How Does Ohio Classify the Sale of Controlled Substances?
Each state regulates the sale of controlled dangerous substances according to its own set of laws and classifications. Not only does Ohio prosecute for the sale and possession of well-known drugs, like cocaine and heroin, but it also classifies the compounds used to manufacture these drugs as CDS.
If you live in Ohio, you may be prosecuted for a drug offense even if you have not actually manufactured the drug, as long as you possess the ingredients for these drugs. The reason for this classification is that the state attempts to discern intent based on the possession of certain items. This is because lawmakers reason that certain combinations of compounds reflect intent to manufacture and traffic drugs, even if that particular crime has not taken place.
When prosecuting drug offenses, Ohio relies on five schedules to determine the severity of the penalties. These schedules are based on the probability of abuse and addiction, with Schedule I including the most dangerous drugs. The schedules decrease in level of danger, with Schedule V comprising drugs considered the least dangerous and addictive.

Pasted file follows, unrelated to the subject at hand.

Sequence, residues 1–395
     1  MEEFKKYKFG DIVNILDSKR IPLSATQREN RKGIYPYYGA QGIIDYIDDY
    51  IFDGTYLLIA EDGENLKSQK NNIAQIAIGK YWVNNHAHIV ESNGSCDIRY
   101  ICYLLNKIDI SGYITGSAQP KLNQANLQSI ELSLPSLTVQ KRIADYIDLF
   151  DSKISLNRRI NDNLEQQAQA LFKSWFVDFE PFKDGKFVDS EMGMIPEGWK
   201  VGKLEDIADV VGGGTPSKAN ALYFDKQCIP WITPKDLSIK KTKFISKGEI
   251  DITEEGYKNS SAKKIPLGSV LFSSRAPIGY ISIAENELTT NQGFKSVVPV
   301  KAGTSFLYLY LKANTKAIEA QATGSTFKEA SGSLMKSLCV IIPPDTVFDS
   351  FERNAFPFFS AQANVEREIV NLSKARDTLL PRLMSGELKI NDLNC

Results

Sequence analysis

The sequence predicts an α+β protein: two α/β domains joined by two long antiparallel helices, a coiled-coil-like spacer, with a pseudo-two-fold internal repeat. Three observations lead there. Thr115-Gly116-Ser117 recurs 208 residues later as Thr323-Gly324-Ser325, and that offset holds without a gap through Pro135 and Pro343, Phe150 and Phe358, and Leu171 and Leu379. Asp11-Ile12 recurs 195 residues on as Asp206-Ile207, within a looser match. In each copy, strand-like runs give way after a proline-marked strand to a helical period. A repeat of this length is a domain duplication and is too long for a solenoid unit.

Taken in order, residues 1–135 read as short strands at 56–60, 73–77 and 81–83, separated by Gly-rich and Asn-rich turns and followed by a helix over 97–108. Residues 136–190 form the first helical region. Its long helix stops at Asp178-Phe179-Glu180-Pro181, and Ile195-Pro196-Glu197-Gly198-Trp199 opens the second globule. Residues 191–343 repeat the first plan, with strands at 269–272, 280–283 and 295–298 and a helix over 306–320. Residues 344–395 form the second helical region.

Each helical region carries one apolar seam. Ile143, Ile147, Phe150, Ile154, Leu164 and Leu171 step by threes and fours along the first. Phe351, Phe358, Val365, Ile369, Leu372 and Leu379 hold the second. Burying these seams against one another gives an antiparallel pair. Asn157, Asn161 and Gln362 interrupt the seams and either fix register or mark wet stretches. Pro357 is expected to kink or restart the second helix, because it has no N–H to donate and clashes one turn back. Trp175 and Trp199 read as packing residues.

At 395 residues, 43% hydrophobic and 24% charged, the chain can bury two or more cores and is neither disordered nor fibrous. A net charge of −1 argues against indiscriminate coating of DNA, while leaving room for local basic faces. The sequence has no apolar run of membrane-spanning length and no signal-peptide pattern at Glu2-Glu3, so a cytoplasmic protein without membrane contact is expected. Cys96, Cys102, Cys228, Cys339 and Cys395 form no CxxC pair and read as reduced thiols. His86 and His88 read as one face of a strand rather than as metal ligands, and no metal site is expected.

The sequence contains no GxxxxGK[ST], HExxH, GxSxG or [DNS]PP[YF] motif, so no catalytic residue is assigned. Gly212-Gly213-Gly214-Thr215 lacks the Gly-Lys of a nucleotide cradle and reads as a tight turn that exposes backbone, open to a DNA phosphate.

Within each schedule, penalties vary depending on the type and amount of each drug, with higher penalties given to those with higher amounts of possession. A measurement known as a “bulk amount” is the standard by which courts determine penalties. The bulk amount is meant to reflect what lawmakers believe is an amount an individual would possess with an intent to distribute the drug. Individuals possessing less than the bulk amount may face lighter consequences. Additionally, if an individual is found to be manufacturing or selling a drug in certain locations, such as near a school or juvenile, the penalties are more severe.
If you are arrested for the possession of sale of CDS in Ohio, consult a skilled Cleveland criminal defense attorney as soon as possible.